Marriage works this way. It’s not just a contract where two people agree to get into it because it is in each person’s interest to do so. Any marriage counselor can tell you that there is a third party involved—the marriage; the institution. We are trying to make the marriage succeed. We can’t help it; it’s a natural and unavoidable part of how the thing works. The marriage picks up baggage and a history of its own, influenced by but independent of the two individuals.
The spiritual dimension of Christianity works this way too (the vertical relationship is with God, brought home regularly through the tangible reality of the Eucharist). For a church to reflect that spiritual reality in its community, it has to have the political element; the element that allows the individual to build into the whole.
During a few lovely months while living in Arlington, Virginia, I attended a small church plant that actually worked this way. As a new church, it had only 40 or so members at the time. And they were the political life of the church, not just the social and spiritual life. Either through the conduit of the priest or through direct congregational interaction, this group had both horizontal and vertical relationships. If construction or cleaning or cooking needed doing; if the music needed improving; if somebody needed help packing a moving van or needed their kids babysat; if the church could really do with a better website; if somebody had a concern about a trend in the group’s social dynamics and wanted to bring it to the whole group…the congregation was there. We were connected to the whole. We were invested in the success of the church. We didn’t make friends over shared interests so much as over shared membership in a never-ending project. We had community.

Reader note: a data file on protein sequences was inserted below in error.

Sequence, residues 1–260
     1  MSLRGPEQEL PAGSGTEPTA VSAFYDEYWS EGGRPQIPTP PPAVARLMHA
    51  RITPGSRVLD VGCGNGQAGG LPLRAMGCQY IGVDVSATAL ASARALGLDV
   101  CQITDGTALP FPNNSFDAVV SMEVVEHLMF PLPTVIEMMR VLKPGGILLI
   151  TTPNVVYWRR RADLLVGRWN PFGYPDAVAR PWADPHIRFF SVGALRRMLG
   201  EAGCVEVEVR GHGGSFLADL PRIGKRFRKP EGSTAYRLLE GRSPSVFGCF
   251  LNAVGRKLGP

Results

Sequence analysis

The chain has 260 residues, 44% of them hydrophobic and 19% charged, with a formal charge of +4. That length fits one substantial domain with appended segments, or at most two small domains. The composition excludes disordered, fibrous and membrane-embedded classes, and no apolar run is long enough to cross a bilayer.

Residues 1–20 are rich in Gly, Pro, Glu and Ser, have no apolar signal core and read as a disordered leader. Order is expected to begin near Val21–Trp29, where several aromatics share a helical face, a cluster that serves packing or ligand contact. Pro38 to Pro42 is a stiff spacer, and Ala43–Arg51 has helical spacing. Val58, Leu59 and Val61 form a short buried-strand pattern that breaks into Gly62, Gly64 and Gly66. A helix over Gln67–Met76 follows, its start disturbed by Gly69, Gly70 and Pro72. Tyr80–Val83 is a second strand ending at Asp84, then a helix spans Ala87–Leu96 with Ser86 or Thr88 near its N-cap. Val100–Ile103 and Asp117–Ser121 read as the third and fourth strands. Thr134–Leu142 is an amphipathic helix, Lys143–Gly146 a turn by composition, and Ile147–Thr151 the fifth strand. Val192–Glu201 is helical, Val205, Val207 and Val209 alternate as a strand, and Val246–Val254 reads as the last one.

In contrast, my spectacularly well-run big church lacks that vertical connection. Virtually everything is run by professionals. If you’ve got the right talent or nab one of the paid jobs, you might get to become one of the professionals. Or you might be a great networker and make friends with enough of the professionals to gain some influence over them as individuals. But institutionally speaking, you don’t have a connection with the whole. It doesn’t need you. It’s not a community. And no number of friends you make will turn it into one.
In Life Together, Dietrich Bonhoeffer wrote, “The first service that one owes to others in the fellowship consists of listening to them. Just as love of God begins with listening to his word, so the beginning of love for our brothers and sisters is learning to listen to them.” This is as true for the institutional church as it is for individuals. Without politics, a church is only an aggregate of individuals with a common interest who happen to in many cases be friends with each other. But with rightly ordered politics, with an institution that listens, a church becomes a community.
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Brian Brown loves building the environments, habits, and networks that make people thrive. He is the founder of Humane Pursuits, where he writes a featured column and edits the Give channel. He started his consulting company, Narrator, to help great mission-driven organizations modernize and grow. He lives with his wife Christina and son Edmund in Colorado Springs, where they mix cocktails, hunt for historic architecture, and see how many people they can squeeze into their house for happy hour.